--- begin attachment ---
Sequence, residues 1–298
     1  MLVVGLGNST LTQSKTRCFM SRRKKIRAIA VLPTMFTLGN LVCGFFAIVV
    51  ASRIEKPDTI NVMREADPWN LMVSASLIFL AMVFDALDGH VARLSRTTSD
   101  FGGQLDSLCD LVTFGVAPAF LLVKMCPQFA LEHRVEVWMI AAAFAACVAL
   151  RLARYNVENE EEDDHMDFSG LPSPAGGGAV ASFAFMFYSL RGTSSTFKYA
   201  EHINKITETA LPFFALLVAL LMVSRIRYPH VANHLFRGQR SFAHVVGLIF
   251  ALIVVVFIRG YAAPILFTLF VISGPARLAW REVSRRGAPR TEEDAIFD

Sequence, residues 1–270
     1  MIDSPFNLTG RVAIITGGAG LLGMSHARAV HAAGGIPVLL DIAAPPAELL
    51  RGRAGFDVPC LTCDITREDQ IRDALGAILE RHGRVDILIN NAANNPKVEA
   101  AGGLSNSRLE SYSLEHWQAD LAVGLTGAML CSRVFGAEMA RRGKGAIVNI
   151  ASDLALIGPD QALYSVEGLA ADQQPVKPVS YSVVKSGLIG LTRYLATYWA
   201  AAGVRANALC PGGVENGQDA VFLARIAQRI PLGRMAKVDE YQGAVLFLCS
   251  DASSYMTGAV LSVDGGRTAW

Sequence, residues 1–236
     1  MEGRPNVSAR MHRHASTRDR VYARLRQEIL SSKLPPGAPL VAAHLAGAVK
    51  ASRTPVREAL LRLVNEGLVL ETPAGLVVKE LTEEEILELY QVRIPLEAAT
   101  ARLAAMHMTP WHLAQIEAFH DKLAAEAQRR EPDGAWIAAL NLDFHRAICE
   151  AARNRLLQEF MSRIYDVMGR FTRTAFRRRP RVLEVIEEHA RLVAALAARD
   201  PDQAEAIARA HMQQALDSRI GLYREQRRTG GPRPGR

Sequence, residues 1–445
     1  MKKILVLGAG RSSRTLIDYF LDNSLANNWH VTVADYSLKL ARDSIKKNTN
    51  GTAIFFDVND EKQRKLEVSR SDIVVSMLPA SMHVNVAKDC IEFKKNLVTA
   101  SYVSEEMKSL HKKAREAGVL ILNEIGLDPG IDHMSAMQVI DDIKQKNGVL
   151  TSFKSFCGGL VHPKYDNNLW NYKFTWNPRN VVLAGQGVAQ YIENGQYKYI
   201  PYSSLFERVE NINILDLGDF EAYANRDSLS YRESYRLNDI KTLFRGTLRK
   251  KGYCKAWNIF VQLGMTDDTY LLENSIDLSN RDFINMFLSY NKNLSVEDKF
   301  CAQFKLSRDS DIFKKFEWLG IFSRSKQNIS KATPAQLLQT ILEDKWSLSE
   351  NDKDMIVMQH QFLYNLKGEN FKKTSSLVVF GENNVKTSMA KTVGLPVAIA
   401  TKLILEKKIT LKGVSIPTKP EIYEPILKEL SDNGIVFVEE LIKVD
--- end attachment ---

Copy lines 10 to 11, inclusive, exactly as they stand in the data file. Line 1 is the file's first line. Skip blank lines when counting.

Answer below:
    51  RGRAGFDVPC LTCDITREDQ IRDALGAILE RHGRVDILIN NAANNPKVEA
   101  AGGLSNSRLE SYSLEHWQAD LAVGLTGAML CSRVFGAEMA RRGKGAIVNI